Question: RNA degradation problem
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gravatar for Matthew  Hannah
13.3 years ago by
Matthew Hannah940 wrote:
Fangxin, Yes it looks like the data is less than ideal. The last chip certainly looks dubious and should probably be repeated. I would definetely check with the experimenter how the samples were harvested and process and CONFIRM that they are true biological replicates. It's amazing how many lab plant biologists see pooled samples from a bulk of plants grown at the same time as biological replicates when they are clearly not. Looking at the RNA-deg plot (and sample labels) I guess they could be epidermis cells or cell layer versus bulk stem or the underlying stem tissue. If the tissue preparation required for the different sample types was significantly different then this is the most likely reason for the similarities seen in the RNA-deg plot, eg: it would take much longer to take epidermal peels then a stem section and so RNA degradation could be higher. Or the extracts could have a different composition and something (eg:sugars) may effect the RNA extraction efficiency or quality. Alternatively labelling or hyb in different batches could also lead to the same effect. I find hist, RNA deg, AffyPLM and a simple RMA norm followed by plot(as.data.frame(exprs(eset.rma))) can answer in most cases for why it didn't work, or won't work - in the rare case when someone asks for QC before rather than after they realise the data is strange ;-) Cheers, Matt >>>>>>>>>>> previous >>>>>>>>>> Hi Naomi, Thank you for your help. > It looks to me as if there is a problem in this experiment. I cannot > speak for the efficacy of the RNA degradation plot. But unless a > large amount of differential expression occurs in this experiment, > the very close similarity between the duplicates compared to the > other conditions leads me to thing that these duplicates were either > not biological replicates, or the duplicates were processed together > causing correlation. I know that the replicates are biological replicates, so I think very likely that they processed the duplicates together ( will check with the experimenter) However, if this is the case, what we can do to? It violates the assumption of Limma ? Maybe Rank product can be a solution since it computes 4 ratios among duplicates from two conditions? Many thanks! fangxin > I have seen this type of thing with spotted arrays when arrays > processed in a single batch are much more similar than biological > replicates processed on different days. > > --Naomi > > At 08:12 AM 1/18/2006, James W. MacDonald wrote: >>fhong at salk.edu wrote: >> > Dear list, >> > >> > I have this 8 affy arrays under 2*2 factorial design, with duplicates >> > under each condition. The RNA degradation plot worries me since the >> slopes >> > from 8 arrays are so different, with duplicates under each condition >> as >> > one group (see the QC plots at http://cactus.salk.edu/temp/QC-1.jpeg) >> > I would suspect that these arrays were processed under different >> levels >> > if amplification. >> > >> > My problem is how to handle this data set beside doing the >> normalization? >> > Will this pattern seriously bias the result? I read some previous >> message >> > about this topic, just hope to get more information. >> >>I find that the RNA degradation plots are less useful for indicating >>possible problems than the density plots. If the density plots are all >>reasonably similar, in my experience the normalization should be fine. >>Another excellent plot for detecting problems is the residual plot in >>the affyPLM package. >> >> >>Best, >> >>Jim >> >> >> > >> > Many thanks! >> > Fangxin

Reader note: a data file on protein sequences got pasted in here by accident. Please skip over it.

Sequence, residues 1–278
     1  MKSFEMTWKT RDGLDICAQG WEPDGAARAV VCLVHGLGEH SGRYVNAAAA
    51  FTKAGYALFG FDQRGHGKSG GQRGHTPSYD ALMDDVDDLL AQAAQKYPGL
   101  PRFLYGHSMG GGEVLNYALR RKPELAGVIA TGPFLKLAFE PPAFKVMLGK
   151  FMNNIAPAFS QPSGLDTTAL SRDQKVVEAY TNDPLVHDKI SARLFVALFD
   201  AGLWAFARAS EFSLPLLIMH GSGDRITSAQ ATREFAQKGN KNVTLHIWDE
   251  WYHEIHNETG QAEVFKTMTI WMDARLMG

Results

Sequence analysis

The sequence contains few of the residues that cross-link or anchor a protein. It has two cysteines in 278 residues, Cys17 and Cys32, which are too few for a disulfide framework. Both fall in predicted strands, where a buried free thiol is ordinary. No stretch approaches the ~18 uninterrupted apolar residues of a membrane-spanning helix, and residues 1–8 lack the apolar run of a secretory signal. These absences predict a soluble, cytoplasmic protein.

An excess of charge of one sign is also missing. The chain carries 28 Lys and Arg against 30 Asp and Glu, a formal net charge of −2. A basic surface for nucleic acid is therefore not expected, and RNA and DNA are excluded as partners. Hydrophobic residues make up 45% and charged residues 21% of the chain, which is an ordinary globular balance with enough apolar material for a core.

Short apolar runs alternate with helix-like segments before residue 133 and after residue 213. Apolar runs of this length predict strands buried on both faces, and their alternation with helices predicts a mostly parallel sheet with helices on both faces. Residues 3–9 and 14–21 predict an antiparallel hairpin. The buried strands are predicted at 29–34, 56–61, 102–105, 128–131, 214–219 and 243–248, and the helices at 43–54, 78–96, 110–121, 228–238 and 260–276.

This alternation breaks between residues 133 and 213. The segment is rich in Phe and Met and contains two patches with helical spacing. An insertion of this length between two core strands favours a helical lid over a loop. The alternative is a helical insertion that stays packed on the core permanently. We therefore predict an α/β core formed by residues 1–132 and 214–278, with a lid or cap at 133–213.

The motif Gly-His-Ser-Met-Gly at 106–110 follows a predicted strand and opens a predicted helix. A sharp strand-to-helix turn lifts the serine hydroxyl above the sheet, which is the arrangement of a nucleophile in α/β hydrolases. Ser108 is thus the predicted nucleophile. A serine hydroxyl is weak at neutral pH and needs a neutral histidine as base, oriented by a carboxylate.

ADD COMMENTlink modified 13.3 years ago by Fangxin Hong810 • written 13.3 years ago by Matthew Hannah940
Answer: RNA degradation problem
0
gravatar for Fangxin Hong
13.3 years ago by
Fangxin Hong810
Fangxin Hong810 wrote:
Hi Matthew, Thank you very much for your help. > It's amazing how many > lab plant biologists see pooled samples from a bulk of plants grown at > the same time as biological replicates when they are clearly not. I would think that all plants under experiment shoudl be grown at the same time without different conditions/treatments. Biological replicates should be tissue samples from differnt groupd of plants, say sample from 50 plants as replicate1 and sample from another 50 as replicate 2. Do you think that biological replicates should be grown at different time? > I find hist, RNA deg, AffyPLM and a simple RMA norm followed by > plot(as.data.frame(exprs(eset.rma))) can answer in most cases for why it > didn't work, or won't work - in the rare case when someone asks for QC > before rather than after they realise the data is strange ;-) This actually pull out another question: when % of differential genes is large, which normalization better works better? http://cactus.salk.edu/temp/QC_t.doc Take a look at the last plot, which clearly indicate homogeneous within replicates and heterogeneous among samples. (1) Will stem top and stem base differ so much? Or it is the preparation process bring in extra correlaton within replicates. (2) when % of differential genes is large, which normalization better works better? many thanks! Fangxin -------------------- Fangxin Hong Ph.D. Plant Biology Laboratory The Salk Institute 10010 N. Torrey Pines Rd. La Jolla, CA 92037 E-mail: fhong at salk.edu (Phone): 858-453-4100 ext 1105
ADD COMMENTlink written 13.3 years ago by Fangxin Hong810
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